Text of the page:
-Patrick D. Miller,
Charles T. Haley Professor of Old Testament Theology Emeritus, Princeton Theological Seminary
Marxism as a practical political ideology may have lost its momentum, but Marxism as an analytical method has not. Rather, this method is very precise and produces surprising results. Roland Boer's study is a fine example of what can be achieved by a consequent use of this method. Boer distinguishes between two societal systems in the ancient Near East: the subsistence survival strategy in its various forms and extractive regimes such as states. Thus he has authored a highly readable new kind of book about the society of ancient Israel and its economic forces.
-Niels Peter Lemche,
Professor Emeritus, Department of Biblical Exegesis, University of Copenhagen
Roland Boer's informative and colorful study provides a thorough treatment of the 'sacred economy' of ancient Israel. Boer examines household structures, the plight of subsistence farmers, and financial exchanges. By applying the insights of economic theory, Boer is able to offer a fresh appraisal of key biblical texts. Full of interesting facts and lively prose, this book is essential reading for anyone who wants to understand the vagaries of economic life during the period in which the Bible was written.
-Samuel L. Adams,
Associate Professor of Biblical Studies, Union Presbyterian Seminary
The Sacred Economy of Ancient Israel is nothing short of groundbreaking. Through an unparalleled understanding of economic theory, Boer corrects two misguided assumptions in approaching biblical economies: the tendency to assume capitalist structures and the tendency to isolate economy from the rest of the social world. Boer cogently articulates how the economy of Ancient Israel was deeply integrated into its religious institutions. With lucid prose and engaging style, this book will be a welcome resource for students and scholars for years to come.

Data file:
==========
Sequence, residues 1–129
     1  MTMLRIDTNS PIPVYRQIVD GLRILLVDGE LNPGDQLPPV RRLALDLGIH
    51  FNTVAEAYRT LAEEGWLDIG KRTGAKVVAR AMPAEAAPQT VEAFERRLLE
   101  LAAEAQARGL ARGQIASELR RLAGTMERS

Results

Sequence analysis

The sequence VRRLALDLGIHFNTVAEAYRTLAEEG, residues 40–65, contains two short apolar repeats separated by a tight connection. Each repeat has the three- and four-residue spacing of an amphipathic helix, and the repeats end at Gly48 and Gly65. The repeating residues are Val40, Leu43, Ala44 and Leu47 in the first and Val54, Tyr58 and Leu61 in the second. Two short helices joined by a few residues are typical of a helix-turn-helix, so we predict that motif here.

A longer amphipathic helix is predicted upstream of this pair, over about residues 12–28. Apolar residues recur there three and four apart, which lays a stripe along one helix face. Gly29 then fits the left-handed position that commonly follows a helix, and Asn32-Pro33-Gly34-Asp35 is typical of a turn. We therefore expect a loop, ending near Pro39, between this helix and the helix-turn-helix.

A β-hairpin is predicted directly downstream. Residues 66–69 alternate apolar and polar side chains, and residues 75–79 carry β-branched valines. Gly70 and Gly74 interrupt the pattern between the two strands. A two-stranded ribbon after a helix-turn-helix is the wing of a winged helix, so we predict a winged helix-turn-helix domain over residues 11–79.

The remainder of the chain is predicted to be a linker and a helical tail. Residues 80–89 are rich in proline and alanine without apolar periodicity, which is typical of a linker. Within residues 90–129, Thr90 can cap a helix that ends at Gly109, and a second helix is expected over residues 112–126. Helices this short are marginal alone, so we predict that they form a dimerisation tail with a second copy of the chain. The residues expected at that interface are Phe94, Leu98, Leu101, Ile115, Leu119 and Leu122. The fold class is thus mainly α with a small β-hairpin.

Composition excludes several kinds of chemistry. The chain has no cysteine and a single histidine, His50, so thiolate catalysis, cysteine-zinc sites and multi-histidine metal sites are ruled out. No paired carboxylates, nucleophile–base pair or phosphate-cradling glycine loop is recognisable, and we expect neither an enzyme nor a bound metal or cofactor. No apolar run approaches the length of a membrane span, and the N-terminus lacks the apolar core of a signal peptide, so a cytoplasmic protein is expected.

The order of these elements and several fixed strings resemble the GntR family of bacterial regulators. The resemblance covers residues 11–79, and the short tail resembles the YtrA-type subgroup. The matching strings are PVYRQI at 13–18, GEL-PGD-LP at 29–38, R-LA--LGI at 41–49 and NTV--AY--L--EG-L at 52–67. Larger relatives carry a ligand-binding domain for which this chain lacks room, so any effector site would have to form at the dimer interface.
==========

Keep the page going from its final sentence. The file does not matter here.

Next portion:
-Roger S. Nam,
Associate Professor of Biblical Studies, George Fox University
This bold and theoretically rich economic analysis should stimulate the rereading of many biblical texts and the rethinking of Israelite life altogether. Rather than dwelling on temple, palace, and the apparatus of empire, Boer shows the economic resilience through centuries of subsistence-level households and villages. While recognizing the injustices common in kinship-based communities, he nonetheless dares to suggest that agricultural subsistence models may hold the greatest promise for the thriving of contemporary communities.
-Ellen F. Davis,
Amos Ragan Kearns Distinguished Professor of Bible and Practical Theology, Duke Divinity School
Roland Boer is without doubt the world's foremost scholar on the relation between Marxism and religion. Ste. Croix's magisterial work on ancient Greece set the absolute standard for scholarship on the economies and societies of that part of the world; this book will set the same bar for work on the ancient Near East.
Professor of Literature and Professor of Religion and Critical Theory, Duke University